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5As long as I am in the world, I am the light of the world.”

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5. While I am in the world, I am the light of the world. I consider this to have been added, by way of anticipation; for it might have been thought strange that Christ should speak of his time of working as limited, as if there were danger that the night should come upon him by surprise, as it does on other men. Thus, while he makes a distinction between himself and others, still he says that his time of working is limited. For he compares himself to the sun which, though it illuminates the whole earth by its brightness, yet, when it sets, takes away the day along with it. In this manner he states that his death will resemble the setting of the sun; not that his death extinguishes or obscures his light, but that it withdraws the view of it from the world. At the same time, he shows that, when he was manifested in flesh, that was truly the time of the day-light of the world. For though God gave light in all ages, yet Christ, by his coming, diffused a new and unwonted splendor. Hence he infers that this was an exceedingly fit and proper time, and that it might be said to be a very bright day, for illustrating the glory of God, when God intended to make a more striking exhibition of himself in his wonderful works.

But here arises another question. After the death of Christ, the power of God shone more illustriously, both in the fruit of the doctrine and in miracles; and Paul applies this strictly to the time of his own preaching, that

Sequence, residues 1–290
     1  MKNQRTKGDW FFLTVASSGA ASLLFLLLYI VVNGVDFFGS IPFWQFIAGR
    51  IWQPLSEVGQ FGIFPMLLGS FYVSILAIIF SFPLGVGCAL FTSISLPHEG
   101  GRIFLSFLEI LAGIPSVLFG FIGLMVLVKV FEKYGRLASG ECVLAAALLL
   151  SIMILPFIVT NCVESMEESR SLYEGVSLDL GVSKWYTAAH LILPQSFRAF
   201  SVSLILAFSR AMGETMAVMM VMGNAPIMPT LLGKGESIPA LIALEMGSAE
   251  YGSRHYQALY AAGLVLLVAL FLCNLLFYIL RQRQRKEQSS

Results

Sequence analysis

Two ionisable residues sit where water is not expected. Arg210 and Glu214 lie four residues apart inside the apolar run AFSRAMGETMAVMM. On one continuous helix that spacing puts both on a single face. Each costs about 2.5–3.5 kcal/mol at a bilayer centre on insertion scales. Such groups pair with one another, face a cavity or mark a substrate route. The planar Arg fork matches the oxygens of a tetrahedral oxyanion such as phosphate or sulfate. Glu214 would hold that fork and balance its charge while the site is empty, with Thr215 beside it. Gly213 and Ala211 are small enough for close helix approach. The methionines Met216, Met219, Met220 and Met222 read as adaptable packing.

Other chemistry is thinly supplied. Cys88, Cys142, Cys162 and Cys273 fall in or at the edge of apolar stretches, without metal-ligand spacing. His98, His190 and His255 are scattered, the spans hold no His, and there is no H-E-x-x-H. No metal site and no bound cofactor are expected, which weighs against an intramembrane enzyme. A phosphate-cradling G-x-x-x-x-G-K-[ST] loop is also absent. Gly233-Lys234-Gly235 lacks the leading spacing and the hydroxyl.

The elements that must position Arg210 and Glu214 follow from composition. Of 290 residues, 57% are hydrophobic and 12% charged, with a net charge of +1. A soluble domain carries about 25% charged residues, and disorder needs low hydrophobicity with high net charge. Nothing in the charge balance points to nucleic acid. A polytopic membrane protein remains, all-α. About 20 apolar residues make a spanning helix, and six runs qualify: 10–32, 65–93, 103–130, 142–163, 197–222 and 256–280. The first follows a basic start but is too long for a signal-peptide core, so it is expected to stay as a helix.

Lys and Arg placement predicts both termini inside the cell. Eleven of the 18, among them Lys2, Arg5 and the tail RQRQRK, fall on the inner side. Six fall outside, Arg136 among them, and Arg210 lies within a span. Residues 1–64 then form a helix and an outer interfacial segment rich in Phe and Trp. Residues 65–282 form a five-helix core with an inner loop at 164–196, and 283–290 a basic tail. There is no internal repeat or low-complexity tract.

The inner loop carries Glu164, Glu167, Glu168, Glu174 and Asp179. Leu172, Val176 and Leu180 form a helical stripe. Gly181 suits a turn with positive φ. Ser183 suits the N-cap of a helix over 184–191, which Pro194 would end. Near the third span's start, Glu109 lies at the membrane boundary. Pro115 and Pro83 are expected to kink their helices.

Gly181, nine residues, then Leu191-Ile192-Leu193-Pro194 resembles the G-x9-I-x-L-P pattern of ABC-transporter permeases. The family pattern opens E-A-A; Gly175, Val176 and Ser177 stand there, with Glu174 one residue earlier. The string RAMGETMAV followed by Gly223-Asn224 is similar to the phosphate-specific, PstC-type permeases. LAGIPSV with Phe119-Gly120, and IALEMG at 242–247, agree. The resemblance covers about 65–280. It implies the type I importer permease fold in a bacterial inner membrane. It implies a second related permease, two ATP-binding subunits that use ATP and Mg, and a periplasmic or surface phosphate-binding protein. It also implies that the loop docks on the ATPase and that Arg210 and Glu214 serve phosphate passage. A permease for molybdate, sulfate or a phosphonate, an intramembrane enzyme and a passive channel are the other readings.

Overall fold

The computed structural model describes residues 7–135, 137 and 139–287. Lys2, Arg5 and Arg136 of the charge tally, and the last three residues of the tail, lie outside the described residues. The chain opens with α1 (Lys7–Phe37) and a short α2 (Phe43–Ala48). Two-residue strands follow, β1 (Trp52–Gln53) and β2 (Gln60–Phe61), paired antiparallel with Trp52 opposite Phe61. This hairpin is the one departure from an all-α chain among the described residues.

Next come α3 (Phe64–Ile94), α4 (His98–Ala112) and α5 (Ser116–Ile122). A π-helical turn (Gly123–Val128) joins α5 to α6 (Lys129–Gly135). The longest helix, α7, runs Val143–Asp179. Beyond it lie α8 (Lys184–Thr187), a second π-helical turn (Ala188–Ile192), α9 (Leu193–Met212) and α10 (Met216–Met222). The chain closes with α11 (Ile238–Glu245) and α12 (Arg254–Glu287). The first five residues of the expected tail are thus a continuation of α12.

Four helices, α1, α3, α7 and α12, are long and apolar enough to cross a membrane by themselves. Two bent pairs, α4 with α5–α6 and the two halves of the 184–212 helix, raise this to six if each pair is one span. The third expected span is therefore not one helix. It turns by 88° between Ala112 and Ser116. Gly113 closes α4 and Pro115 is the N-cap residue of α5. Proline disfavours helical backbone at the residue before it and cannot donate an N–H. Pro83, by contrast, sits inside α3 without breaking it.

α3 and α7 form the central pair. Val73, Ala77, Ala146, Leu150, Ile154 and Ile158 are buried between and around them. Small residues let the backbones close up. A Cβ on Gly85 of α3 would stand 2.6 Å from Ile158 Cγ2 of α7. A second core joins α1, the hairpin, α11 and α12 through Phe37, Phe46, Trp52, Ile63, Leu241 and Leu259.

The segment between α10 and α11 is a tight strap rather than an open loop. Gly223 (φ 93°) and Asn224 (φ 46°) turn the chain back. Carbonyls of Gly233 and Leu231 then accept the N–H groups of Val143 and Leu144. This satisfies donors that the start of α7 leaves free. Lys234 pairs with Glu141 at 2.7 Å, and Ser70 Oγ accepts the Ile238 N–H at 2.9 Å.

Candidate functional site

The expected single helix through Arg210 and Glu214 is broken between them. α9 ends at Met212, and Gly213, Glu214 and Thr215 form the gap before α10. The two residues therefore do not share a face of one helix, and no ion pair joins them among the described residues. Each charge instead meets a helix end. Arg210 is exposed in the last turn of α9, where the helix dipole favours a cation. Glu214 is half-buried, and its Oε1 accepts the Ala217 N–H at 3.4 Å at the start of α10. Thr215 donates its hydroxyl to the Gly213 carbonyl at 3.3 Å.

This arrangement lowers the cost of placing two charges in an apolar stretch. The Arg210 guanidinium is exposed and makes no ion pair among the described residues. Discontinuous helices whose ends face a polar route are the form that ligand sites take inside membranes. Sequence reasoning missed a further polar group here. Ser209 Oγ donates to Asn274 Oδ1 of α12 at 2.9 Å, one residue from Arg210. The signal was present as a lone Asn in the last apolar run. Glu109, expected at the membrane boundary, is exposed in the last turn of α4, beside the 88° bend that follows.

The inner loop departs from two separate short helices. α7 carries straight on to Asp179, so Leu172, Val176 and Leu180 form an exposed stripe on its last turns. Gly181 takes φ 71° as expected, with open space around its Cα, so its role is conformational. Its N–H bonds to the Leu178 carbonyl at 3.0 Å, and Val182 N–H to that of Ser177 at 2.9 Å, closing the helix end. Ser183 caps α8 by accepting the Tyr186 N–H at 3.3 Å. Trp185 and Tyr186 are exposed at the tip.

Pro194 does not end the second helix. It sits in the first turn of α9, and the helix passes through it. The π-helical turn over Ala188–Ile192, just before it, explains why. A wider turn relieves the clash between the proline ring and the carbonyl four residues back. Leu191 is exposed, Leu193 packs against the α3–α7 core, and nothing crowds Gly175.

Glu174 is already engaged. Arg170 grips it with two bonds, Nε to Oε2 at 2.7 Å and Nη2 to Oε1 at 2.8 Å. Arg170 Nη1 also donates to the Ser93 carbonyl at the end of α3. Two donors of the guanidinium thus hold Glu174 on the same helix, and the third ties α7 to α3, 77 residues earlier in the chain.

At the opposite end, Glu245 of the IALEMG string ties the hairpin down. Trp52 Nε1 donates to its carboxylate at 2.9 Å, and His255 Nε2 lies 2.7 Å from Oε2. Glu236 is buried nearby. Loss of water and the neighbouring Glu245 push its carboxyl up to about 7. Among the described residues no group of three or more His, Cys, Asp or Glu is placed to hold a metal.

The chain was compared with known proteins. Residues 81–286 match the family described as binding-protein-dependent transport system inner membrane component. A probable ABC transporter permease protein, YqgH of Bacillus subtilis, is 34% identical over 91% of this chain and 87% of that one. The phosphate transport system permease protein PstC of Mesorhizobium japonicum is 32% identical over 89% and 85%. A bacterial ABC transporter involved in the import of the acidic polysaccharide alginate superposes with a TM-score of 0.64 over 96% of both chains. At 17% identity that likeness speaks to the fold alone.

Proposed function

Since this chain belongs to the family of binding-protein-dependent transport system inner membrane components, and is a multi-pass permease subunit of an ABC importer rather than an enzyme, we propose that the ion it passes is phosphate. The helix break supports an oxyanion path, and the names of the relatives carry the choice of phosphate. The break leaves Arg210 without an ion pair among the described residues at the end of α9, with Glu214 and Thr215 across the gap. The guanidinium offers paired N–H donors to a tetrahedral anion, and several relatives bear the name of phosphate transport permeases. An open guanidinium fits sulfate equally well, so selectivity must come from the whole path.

God, who from the beginning of the world commanded the light to shine out of darkness, at that time shone in the face of Christ by the Gospel,
(2 Corinthians 4:6.)

And does Christ now give less light to the world than when he was in the presence of men, and conversed with them? I reply, when Christ had finished the course of his office, he labored not less powerfully by his ministers than he had labored by himself, while he lived in the world. This I acknowledge to be true; but, first, it is not inconsistent with what he had said, that he was bound to perform, in his own person, what had been enjoined on him by the Father, and at the time when he was manifested in the flesh for that purpose. Secondly, it is not inconsistent with what he said, that his bodily presence was the true and remarkable day of the world, the lustre of which was diffused over all ages. For whence did the holy fathers in ancient times, or whence do we now, desire light and day, but because the manifestation of Christ always darted its rays to a great distance, so as to form one continued day? Whence it follows, that all who have not Christ for their guide grope in the dark like the blind, and wander about in confusion and disorder. Yet we must hold by this meaning of the words, that, as the sun discovers to our view the lovely spectacle of earth and heaven, and the whole arrangement of nature, so God has visibly displayed the chief glory of his works in his Son.




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